Recently, libertarian television journalist John Stossel vented about the phrase “war on science,” declaring:
“This year is the 10th anniversary of a book called “The Republican War on Science.” I could just as easily write a book called “The Democratic War on Science.”
Stossel explained that his hypothetical book would reveal how many on the political left fear genetically modified organisms (GMOs), give credence to the anti-research views of extremist animal rights activists, and inhibit research in socially delicate areas, such as the role of genetics in human behavior.
This had me scratching my head a bit. You see, there’s already a book that covers that. And it’s the same book Stossel criticized, Chris Mooney’s The Republican War on Science.
I’m one of those weird people who actually reads books before I talk about them. So it didn’t take me long to find the passages in Mooney’s book that detail the ways the political left also engages in science denial.
Right at the start of The Republican War on Science, Mooney writes:
Let’s be fair: those on the political left have undoubtably abused science in the past. While the best environmental groups marshal good science to make their case, more radical groups have occasionally allowed ideology to usurp fact. In objecting to genetically modified food, for instance, Greenpeace has suggested that these “Frankenfoods” pose human health risks… Yet in a 2004 report, the Institute of Medicine of the National Academy of Sciences, the government’s leading independent advisor on science and technology, refused to treat food created through genetic engineering as inherently more dangerous than food created through other forms of genetic modification such as conventional breeding…
Opposition to genetically modified food is still with us, of course.
We have also seen distortions of science from another camp traditionally associated with the political left: the animal rights movement. Notorious for its attacks on medical researchers, the movement has also made questionable scientific claims to advance its agenda.
Mooney goes on:
[Harvard psychologist Steven] Pinker notes, topics such as the genetic underpinnings of human behavior have gone unstudied out of a “general left-of-center sensibility that anything having to do with genes is bad.” The notion that a tendency toward violence might have genetic roots, for example, raises among many on the Left the fear of eugenics-style solutions.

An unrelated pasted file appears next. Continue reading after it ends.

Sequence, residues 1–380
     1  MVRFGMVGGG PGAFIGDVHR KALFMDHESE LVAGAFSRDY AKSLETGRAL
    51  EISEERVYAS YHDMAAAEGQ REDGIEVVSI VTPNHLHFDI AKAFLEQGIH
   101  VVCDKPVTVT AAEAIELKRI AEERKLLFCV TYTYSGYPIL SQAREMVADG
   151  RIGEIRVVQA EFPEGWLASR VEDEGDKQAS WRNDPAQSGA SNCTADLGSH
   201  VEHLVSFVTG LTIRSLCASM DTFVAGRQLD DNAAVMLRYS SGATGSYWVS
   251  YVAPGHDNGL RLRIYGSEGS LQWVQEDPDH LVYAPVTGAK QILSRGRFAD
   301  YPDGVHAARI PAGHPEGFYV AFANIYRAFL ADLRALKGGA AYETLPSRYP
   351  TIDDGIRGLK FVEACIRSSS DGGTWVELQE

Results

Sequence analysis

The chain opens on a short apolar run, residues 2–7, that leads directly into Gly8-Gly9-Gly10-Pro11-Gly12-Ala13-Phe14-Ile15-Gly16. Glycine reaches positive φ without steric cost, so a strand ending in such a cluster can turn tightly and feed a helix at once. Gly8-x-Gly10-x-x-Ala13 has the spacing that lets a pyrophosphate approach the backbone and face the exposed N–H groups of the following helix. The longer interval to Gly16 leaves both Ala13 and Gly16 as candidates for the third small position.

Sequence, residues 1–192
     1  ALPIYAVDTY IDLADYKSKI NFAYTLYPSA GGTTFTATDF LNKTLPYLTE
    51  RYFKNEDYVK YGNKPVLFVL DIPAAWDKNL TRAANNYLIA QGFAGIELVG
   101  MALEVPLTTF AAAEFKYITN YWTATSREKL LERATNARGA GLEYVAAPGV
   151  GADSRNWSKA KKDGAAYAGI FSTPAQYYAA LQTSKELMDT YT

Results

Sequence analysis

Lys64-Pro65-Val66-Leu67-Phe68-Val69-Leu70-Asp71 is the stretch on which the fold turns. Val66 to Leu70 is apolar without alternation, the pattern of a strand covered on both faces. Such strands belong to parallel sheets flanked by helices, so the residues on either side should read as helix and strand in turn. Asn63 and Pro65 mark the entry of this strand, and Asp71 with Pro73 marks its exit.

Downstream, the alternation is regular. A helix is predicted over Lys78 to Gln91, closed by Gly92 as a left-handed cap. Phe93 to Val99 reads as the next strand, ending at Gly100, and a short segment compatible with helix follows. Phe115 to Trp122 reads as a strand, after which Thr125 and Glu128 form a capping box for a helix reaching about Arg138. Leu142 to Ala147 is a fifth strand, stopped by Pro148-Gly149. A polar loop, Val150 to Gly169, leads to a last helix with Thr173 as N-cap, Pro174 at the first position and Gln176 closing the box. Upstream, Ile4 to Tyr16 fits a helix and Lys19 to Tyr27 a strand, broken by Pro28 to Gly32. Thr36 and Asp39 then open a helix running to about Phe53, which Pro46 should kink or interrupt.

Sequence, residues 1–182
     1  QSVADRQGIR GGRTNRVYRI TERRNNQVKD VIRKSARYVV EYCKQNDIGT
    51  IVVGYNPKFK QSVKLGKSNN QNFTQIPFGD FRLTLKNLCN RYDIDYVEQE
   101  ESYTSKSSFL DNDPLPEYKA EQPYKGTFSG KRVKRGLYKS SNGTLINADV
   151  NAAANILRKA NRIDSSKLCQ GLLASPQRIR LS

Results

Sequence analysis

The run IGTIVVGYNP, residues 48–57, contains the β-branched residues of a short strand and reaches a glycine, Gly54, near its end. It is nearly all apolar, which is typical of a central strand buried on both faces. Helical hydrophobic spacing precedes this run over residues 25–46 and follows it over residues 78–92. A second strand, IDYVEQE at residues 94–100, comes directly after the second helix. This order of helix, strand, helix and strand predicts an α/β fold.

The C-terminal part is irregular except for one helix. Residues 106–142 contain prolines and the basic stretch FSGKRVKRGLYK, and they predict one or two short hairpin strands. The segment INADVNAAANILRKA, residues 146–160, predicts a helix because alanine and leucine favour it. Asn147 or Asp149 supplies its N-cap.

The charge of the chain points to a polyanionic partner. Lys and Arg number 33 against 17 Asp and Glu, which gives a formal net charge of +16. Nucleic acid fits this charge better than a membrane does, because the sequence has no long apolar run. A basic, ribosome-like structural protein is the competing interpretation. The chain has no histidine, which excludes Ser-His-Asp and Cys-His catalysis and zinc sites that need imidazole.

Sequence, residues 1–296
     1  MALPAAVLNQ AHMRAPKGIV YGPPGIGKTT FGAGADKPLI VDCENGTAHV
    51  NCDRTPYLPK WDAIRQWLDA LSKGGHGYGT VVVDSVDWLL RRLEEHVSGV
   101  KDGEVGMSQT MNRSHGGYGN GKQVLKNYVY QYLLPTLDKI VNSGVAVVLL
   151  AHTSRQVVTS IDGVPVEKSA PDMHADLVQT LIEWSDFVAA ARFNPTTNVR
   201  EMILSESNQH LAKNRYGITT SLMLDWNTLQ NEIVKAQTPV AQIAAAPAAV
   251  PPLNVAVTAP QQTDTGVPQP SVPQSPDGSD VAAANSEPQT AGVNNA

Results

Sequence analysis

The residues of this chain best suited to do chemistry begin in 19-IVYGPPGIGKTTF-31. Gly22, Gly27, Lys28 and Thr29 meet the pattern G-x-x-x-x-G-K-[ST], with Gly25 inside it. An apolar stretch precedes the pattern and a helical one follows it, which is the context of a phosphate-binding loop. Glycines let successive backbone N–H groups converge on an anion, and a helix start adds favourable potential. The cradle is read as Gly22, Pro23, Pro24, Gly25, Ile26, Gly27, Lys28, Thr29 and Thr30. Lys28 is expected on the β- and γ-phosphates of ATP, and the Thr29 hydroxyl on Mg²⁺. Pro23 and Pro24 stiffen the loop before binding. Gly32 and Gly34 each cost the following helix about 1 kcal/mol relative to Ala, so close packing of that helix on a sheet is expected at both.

There you have it. Each of the topics in Stossel’s hypothetical book—GMOs, animal rights extremism, research linking genetics and behavior—was already explicitly addressed in The Republican War on Science. Mooney even says, “in politicized fights involving science, it is rare to find liberals entirely innocent of abuses.” So what’s left (as it were) to talk about?
Well, there’s always evolution.
The conflict conservatives have with science is mostly caused by religion. Some religious conservatives reject evolution, and some oppose stem cell research.
But neither belief has a big impact on our day-to-day lives. Species continue to evolve regardless of what conservatives believe ....
While it’s laudable that Stossel acknowledges that species evolve, it’s ignorant to argue that rejection of evolution doesn’t affect our day-to-day lives.
The reason for that is clear: evolution is practically important. Have you seen a doctor recently? Biology underpins medicine—and evolution underpins biology. Your doctor’s basic understanding of how living things work presupposes evolution. Doctors can’t use the same flu vaccine year after year because microbes evolve. Vaccines change to meet that challenge, in a perpetual arms race driven by evolution. Have you eaten recently? Our understanding of evolution is used in agriculture to highlight the dangers of monoculture crops and explain how pests adapt to attempts to control them. Examples of evolution are all around us.
Stossel claims “the left’s bad ideas about science do more harm” than the right’s bad ideas about science. But those of us involved in science education know better.
For those of us involved in science education, what matters is not the political source of rotten antiscience ideas, but the fact that they hamper the education of students and hinder the prosperity of our economies. Left, right, or middle of the road, we ought to be able to agree that it’s important for students to learn about the science as scientists understand it without the interference of political or religious ideologues.